IT is perhaps no surprise that Martin Wolf is feeling gloomy about the state of the UK’s economy.
Earlier this month, Chancellor of the Exchequer Jeremy Hunt declared that the country was in a recession thanks to an economy battered by soaring inflation and energy prices.
And Martin, the Financial Times’ chief economics commentator, is despondent about the months ahead.
“They are going to be grim and there is no doubt about that,” he told me from his home in London.
A self-described natural pessimist, the reasoning for that particular part of his character comes from his parents’ family backgrounds.
His mother, Rebecca, escaped Holland after the Nazis invaded in May, 1940, while his father, Edmund, left Austria in the late-1930s, acutely aware of the growing toxic atmosphere for its Jews.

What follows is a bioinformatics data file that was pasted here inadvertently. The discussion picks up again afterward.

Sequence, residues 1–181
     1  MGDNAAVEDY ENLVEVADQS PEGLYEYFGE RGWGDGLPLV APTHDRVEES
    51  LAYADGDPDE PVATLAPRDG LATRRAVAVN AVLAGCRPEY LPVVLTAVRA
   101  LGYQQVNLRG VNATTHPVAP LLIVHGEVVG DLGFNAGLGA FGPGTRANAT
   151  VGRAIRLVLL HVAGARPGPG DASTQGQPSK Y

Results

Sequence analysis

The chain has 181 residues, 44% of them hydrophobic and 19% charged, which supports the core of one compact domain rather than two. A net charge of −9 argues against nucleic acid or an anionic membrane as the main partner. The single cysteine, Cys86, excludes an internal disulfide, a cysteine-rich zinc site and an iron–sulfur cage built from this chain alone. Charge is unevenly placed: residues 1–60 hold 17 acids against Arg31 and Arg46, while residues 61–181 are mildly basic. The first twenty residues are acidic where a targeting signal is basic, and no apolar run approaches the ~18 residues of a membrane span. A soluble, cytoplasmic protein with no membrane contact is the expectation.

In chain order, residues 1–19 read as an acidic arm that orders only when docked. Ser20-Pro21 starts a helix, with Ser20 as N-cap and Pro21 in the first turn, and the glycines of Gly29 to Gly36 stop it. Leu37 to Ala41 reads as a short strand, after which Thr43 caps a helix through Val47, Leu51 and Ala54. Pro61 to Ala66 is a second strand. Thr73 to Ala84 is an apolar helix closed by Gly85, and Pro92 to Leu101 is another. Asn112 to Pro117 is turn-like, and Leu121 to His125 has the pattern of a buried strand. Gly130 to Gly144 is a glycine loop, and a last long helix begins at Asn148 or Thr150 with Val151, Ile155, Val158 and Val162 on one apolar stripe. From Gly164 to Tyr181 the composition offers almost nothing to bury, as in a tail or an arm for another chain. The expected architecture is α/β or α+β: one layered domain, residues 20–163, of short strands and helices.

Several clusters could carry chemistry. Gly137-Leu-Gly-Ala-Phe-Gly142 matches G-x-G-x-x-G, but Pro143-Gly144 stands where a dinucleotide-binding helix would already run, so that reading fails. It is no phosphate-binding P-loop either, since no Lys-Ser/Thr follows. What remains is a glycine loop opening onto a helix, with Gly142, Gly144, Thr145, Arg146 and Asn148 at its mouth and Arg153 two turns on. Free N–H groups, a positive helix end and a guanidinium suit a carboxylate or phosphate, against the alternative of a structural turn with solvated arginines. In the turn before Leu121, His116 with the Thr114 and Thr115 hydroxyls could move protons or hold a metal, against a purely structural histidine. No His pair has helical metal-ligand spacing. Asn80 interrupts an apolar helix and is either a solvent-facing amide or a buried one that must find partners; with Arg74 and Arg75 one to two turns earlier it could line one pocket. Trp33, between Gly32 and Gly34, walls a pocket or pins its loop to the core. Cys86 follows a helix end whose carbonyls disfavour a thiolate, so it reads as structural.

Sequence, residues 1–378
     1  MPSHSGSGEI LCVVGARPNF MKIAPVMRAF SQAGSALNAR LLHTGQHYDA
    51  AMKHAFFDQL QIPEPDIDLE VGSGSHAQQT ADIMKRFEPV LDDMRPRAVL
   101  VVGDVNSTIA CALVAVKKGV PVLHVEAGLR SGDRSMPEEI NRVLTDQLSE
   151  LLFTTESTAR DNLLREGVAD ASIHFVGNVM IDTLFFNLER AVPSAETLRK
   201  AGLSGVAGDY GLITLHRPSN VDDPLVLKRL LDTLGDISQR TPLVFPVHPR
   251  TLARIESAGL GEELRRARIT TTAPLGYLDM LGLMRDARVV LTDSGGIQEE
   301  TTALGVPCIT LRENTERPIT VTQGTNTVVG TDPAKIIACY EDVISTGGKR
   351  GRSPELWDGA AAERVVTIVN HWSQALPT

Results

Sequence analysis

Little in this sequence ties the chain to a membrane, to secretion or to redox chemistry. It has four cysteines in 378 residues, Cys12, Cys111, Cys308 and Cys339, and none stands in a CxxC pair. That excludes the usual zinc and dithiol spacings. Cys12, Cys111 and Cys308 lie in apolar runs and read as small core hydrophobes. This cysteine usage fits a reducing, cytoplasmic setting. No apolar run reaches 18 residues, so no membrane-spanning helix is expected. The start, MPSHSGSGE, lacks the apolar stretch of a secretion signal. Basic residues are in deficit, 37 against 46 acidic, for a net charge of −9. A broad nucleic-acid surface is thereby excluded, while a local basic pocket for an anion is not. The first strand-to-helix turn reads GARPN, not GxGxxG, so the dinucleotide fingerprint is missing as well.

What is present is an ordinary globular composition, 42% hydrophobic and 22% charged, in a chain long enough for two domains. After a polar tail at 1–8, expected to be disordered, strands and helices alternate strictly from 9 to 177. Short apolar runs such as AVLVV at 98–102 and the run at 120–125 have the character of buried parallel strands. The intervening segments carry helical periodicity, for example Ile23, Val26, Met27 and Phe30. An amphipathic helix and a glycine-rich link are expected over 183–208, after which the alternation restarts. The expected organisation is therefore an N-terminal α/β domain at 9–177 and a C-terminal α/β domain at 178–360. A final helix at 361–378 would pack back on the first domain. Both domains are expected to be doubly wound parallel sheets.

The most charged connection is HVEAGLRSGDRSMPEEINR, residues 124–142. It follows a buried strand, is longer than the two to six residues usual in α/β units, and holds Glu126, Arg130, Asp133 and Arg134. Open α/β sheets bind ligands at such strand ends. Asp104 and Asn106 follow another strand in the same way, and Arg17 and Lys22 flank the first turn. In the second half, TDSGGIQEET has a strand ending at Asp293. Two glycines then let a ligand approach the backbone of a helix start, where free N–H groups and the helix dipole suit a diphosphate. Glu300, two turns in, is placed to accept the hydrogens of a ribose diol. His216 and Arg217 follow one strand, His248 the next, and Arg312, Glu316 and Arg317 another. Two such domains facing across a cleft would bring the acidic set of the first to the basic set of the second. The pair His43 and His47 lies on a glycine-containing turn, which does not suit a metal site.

“Given my personal family history and knowledge of history, it is hardly surprising that I am pessimistic,” Martin said.
“I am also worried about the years ahead, but I have belief in the people of this country who have shown tremendous resilience in the past.
“Also, the government is doing its best to try and support people who have found themselves in difficulties.
“These are immense strengths, at least compared with America, for example. There is far less hatred in politics here, and more of a commitment to working together.”
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